We tend to slump our shoulders when feeling low or depressed, and have more upright posture when we’re feeling good, relaxed, or happy.
By choosing to maintain good posture all the time, we can actually alter our state of mind and feel more positive. That’s a freebie I’ll take all day long!
5 | Better circulation and digestion
Good posture helps keep your internal organs, particularly those within your abdomen, in their natural position without undue compression. It can also help relieve issues such as acid reflux, constipation, and hernias.
Slouching can interfere with the normal flow and function of your gastrointestinal system.
6 | Healthier muscles
Poor posture, sitting or standing, places strain on already sensitized muscles and soft tissues. Good posture distributes the force of gravity evenly throughout your muscles, to no one structure is over-stressed.
You’ll strengthen your core, butt muscles, and back extensions.
7 | Stronger spine
Poor posture adds strain to muscles and puts stress on our spine, which over time can change the anatomical characteristics of the spine. This can lead to constricted blood vessels and nerves.
By developing and maintaining proper posture alignment when we sit and stand, our body will be less fatigued as well as less strain on our ligaments and muscles.
8 | Fewer headaches
Poor postures can contribute to tension headaches because of increased muscle tension in the back of the neck.
When we correct our sitting and standing posture it’s possible to eliminate some of our headache woes because we’re reducing that muscle tension.Simple exercises to improve posture as we age, and eight benefits that we'll enjoy as a result! Click To Tweet
Simple Exercises to Improve Posture As We Age
So, now that we understand the benefits of good posture as we age, how about some simple exercises to improve posture? I am the first to admit that my posture is not always the best, particularly when sitting.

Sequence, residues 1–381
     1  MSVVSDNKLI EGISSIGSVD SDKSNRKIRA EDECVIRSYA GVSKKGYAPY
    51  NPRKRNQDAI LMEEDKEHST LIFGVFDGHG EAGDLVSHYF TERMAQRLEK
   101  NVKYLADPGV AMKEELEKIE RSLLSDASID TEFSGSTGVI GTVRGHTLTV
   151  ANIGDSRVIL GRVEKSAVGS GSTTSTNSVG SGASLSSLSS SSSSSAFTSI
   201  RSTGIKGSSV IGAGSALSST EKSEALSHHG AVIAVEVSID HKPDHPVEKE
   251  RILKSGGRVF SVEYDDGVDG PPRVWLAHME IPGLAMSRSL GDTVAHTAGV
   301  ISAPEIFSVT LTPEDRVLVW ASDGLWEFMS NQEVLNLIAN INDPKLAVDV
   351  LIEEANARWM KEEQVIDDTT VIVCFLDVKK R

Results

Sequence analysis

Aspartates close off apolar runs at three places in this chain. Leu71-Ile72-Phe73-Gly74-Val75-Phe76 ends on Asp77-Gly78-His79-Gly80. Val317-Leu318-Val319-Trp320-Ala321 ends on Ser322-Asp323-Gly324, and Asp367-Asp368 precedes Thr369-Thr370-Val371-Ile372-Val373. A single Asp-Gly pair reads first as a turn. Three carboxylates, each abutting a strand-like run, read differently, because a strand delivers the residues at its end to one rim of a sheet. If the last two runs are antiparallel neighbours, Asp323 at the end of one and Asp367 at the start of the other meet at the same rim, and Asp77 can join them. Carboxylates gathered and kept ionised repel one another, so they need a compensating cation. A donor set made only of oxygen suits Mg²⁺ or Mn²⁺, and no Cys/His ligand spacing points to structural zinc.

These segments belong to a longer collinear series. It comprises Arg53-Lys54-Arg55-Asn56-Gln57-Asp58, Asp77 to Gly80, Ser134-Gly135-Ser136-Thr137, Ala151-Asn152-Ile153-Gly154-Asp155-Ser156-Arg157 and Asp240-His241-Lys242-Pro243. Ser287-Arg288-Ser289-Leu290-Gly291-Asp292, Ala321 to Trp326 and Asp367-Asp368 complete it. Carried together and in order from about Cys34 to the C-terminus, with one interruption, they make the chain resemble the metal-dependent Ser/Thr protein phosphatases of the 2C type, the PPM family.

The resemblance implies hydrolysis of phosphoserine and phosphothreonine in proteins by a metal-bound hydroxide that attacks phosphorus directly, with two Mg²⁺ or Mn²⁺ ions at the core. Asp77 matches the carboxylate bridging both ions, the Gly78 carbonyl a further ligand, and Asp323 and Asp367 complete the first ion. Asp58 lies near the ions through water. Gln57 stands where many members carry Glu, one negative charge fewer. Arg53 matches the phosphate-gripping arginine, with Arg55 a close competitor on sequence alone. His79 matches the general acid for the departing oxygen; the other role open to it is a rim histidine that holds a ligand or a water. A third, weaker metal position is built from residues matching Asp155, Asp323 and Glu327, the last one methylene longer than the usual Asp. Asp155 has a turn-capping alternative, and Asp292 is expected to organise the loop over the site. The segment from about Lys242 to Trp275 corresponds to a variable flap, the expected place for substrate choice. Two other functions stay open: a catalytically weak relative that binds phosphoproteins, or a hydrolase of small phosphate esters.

Something I do regularly is to get up and walk around every 45 minutes or so when I’m in the office working at the computer. Not only is it helpful to stay limber and get the blood flowing again, it helps me to walk off the fidgety-ness that I get when I sit for a while.
Add some stretching to the walking and you’ll be helping your posture, too.
If you have any health issues or questions as to whether you’re able to perform these exercises, make sure to discuss them with your physician first.
Here’s an easy exercise from our friends at Health.com to help improve our posture:
Every morning and night, lie down on the floor and make slow “snow angels” with your arms for two or three minutes.
For an extra challenge, roll up a towel and put it on the floor underneath your spine. Many gyms have half foam rollers—a tube cut in half lengthwise—that you can use for even more of a stretch.
Do these stretches slowly and stop if you feel anything worse than mild discomfort or pain, the article says. You may need to work up to the full three minutes of making “snow angels”
There are a number of helpful exercises to improve posture from our friends at healthline.com, including a demonstration of how to properly perform the exercises. I’ve highlighted a few of them here:
1) Head Retraction Exercise:
This exercise helps to strengthen the neck muscles that can often be weak and stretched out.
Lie on the floor on your back with your knees bent and feet flat on the floor. Pull your chin back toward the floor like you’re trying to make a double chin. Hold for 10 to 15 seconds and repeat 10 times.
2) Push Out Pecs to Relieve Lungs:
Stand with your feet hip-width distance apart. Interlock your hands behind your back. Hold for 20 seconds to stretch your chest and pectoral muscles.
3) Overhead Arm Raise:
It takes muscular effort to maintain good posture, as it requires your core and upper back muscles to be engaged.
Sit in a chair with your feet flat on the ground with even weight on both hips. Engage your core by slightly tucking in and flattening your lower back. Let your arms fall to your sides comfortably. Raise them both up at the same time over your head and bring them back to the starting position.
4) Shoulder Pull Back:
Sit or stand with a neutral spine. Shift your shoulder blades to the back. Lift both forearms to a 90-degree angle at your sides. Pull your shoulder blades closer together, as if you’re squeezing them, while your arms naturally extend backward. Complete three sets of 12 reps.
Correct posture is something I will always have to work at. It does not come naturally to me. But, I understand the benefits of good posture, and how important maintaining a straight and tall form is to my body and my overall perspective.
How about you? Is it time to take some action to ensure that your body ages in a healthy way? What can you start doing right now, today, to improve your posture? Go for it!
By the way, here’s a really helpful infographic for you to use as a resource to be reminded about the benefits of good posture.
This infographic was created by Metro Physical and Aquatic Therapy